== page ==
Researchers from the Mailman School of Public Health at Columbia University and the Federal University of Porto Alegre in Brazil found that when health workers were trained to promote healthy infant feeding methods to pregnant women, their children’s fat and There are fewer carbohydrates and a lower body fat content at 6 years of age. The study showed for the first time that the root cause of obesity began in the first year after the mother stopped breastfeeding.
The results of the study were published online in the Journal of Human Nutrition and Nutrition.
"The first year after birth is a critical window for the development of habits that will affect a person's lifelong health model," said Caroline N. Sangalli of the Health Sciences Graduate Program of the Federal University of Porto Alegre, Brazil, and lead author . "The message from the world is that in order to avoid obesity in later life, you cannot start to help mothers better feed their children too early. And this study proves that it is possible to change mothers' behavior."
The most surprising thing is that the mother in our randomized trial provided ultra-processed foods high in sugar and fat as early as 6 months of age. This behavior can be explained by cultural influence and the continued strong marketing of processed baby food on a global scale. "
Márcia Vitolo, Pediatrics Postgraduate Project: Child and Adolescent Health, Federal University of Porto Alegre, Brazil, co-senior author
Researchers conducted randomized trials in 31 centers in Porto Alegre, Brazil, which provide antenatal, infant, and other primary health care services to low-income families. The intervention is based on births between May 2008 and February 2009 and includes a training program to increase the knowledge of primary health care workers, with a focus on “ten steps for healthy feeding of children born to two years old in Brazil” , The Brazilian Dietary Guidelines.
All families learned about the complementary foods (ie biscuits, snacks, soft drinks, and sweets) that should not be provided to children under 2 through the poster in the waiting room. Trained interviewers measured the growth and other results of 6-month, 12-month, 3 and 6-year-old children in subsequent home visits. It also records detailed information about food types, quantities, and preparation methods.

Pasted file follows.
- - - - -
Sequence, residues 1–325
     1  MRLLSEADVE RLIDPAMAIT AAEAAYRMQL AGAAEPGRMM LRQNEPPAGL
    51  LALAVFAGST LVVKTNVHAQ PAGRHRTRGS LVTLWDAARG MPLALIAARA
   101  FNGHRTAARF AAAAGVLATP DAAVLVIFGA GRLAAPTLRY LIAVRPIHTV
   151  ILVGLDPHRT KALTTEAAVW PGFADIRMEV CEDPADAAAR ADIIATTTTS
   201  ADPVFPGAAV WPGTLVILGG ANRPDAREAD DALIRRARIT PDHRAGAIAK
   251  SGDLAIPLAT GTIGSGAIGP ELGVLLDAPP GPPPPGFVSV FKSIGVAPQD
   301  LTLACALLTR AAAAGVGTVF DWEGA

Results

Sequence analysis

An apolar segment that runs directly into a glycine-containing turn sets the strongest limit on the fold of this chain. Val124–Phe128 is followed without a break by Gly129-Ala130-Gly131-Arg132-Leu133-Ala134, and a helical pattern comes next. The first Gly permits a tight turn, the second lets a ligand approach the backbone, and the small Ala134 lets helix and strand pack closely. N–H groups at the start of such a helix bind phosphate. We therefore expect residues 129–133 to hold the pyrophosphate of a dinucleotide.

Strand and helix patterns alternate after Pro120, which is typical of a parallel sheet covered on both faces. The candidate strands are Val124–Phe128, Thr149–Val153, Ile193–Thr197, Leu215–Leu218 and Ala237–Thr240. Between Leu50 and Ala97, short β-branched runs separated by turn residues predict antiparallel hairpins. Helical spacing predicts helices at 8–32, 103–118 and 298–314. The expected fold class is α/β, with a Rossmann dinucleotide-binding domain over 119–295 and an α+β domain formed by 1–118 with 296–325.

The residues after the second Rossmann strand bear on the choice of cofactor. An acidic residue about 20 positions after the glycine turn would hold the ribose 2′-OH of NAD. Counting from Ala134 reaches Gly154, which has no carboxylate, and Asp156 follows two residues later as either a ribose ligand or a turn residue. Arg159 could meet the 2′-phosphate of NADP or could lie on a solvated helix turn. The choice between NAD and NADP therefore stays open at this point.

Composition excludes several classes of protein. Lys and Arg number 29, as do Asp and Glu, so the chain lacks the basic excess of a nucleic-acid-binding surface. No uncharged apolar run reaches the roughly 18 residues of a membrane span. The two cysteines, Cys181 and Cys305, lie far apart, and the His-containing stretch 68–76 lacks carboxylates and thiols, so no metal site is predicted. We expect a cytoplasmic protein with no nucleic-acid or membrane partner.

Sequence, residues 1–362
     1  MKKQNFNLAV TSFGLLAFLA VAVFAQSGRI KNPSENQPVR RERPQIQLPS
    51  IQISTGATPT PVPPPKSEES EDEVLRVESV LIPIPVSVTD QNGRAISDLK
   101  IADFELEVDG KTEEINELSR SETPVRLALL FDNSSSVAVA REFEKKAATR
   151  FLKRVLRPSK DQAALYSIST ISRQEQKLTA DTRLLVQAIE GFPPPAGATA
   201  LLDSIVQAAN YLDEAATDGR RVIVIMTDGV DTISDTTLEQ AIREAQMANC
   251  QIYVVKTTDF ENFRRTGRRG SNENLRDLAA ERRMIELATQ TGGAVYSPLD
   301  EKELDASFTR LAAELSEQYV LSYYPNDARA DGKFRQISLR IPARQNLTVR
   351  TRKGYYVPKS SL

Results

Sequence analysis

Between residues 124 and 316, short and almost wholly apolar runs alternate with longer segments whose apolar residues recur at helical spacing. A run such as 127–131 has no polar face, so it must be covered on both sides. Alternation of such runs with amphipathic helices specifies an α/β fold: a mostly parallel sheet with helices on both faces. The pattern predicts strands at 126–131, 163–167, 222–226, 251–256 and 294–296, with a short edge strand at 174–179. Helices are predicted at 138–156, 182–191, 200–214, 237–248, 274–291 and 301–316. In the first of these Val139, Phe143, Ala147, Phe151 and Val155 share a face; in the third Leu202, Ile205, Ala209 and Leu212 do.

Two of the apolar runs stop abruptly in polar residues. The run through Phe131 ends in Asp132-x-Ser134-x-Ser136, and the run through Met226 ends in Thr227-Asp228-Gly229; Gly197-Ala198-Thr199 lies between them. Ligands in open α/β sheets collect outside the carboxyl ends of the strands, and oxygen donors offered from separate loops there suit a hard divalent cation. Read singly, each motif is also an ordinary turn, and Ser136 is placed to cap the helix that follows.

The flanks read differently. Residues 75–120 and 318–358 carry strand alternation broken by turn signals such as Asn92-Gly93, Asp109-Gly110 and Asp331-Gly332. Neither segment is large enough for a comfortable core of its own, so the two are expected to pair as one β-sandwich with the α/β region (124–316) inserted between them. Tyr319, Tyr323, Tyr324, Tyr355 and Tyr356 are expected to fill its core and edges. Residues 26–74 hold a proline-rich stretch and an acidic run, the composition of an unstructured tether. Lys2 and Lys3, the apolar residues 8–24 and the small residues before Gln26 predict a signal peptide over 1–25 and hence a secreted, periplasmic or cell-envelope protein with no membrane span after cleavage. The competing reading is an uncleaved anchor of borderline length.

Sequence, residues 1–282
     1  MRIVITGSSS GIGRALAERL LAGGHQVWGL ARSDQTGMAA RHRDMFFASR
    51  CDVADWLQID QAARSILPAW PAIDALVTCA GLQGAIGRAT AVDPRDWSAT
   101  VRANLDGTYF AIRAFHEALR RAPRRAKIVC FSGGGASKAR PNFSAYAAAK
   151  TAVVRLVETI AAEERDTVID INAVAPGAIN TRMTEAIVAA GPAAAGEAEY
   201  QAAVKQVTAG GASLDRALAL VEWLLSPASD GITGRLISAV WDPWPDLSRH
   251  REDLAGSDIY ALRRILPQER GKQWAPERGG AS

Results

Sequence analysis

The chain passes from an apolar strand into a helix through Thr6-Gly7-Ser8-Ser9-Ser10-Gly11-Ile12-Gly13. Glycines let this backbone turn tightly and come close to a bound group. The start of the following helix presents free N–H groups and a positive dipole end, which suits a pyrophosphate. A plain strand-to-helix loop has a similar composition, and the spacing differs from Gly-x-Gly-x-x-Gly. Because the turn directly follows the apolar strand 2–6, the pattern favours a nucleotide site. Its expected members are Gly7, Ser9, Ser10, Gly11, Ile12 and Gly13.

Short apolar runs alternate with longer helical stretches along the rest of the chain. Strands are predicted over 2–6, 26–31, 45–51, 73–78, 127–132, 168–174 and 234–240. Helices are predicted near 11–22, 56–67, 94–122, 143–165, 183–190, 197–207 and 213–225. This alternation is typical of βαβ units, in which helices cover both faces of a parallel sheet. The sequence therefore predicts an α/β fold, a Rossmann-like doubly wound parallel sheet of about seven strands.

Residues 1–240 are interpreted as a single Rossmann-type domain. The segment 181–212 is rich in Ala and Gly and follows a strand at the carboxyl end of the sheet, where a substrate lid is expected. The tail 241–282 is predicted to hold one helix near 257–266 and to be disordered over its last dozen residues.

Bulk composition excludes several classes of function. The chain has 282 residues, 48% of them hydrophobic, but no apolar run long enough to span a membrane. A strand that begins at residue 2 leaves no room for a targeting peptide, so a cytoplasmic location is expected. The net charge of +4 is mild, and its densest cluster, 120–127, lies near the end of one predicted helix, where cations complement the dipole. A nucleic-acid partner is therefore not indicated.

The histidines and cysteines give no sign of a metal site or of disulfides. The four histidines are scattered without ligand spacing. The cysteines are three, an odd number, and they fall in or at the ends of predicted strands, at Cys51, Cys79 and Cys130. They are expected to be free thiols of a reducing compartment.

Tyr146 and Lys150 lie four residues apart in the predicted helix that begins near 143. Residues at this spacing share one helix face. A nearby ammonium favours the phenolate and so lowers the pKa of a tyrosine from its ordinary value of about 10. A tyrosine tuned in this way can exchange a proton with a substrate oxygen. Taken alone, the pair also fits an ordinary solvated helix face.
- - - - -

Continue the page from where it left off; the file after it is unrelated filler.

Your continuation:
Compared with the control group, the intervention group had lower energy intake for all ages, with statistically significant differences at 3 years old. In addition, children in the intervention group had lower carbohydrate and total fat consumption at 3 years of age than in the control group, and accumulated less body fat at 6 years of age, which was achieved by a smaller waist circumference and thinner skin folds. Measurable. "We found that the energy intake of the two study groups was higher than the needs of all age waves; however, the excess energy intake of the intervention group was less," observed Sangalli, who worked with Dr. LH Lumey of the Columbia Post Analyzed the research results of the Public Health Institute funded by the Brazilian government. "Although the gap was small at the beginning, in the long run,
The results of studies on the calories contained in biscuits and chocolate powder are particularly compelling, which are important sources of carbohydrates and fats. During the training of health workers, sugar, candies, soft drinks, savoury snacks, biscuits and ultra-processed foods were emphasized as foods that mothers should avoid giving their babies before the age of 2 years.
The intervention group at the age of 6 had lower body fat on many indicators, but this difference was not reflected in the BMI score, which is a less sensitive indicator of obesity. "However, the prevalence of overweight in the intervention group was 7% lower than that in the control group at age 6, which does indicate a valuable impact on public health—especially because estimates indicate that the prevalence of obesity in 1% of children is reduced 1% will save $1.7 billion in medical costs in 6 years," Vitolo said.
"Many people including Alice Waters, Jamie Oliver and Michelle Obama are committed to improving school lunch and eating habits for school-age children to help fight obesity," said Dr. Lumey, professor of epidemiology and co-senior author. "All of this Efforts are worthy of praise and encouragement. This study shows that we may need to think earlier. Feeding practices early in life can already have a significant impact on the body shape of preschool children."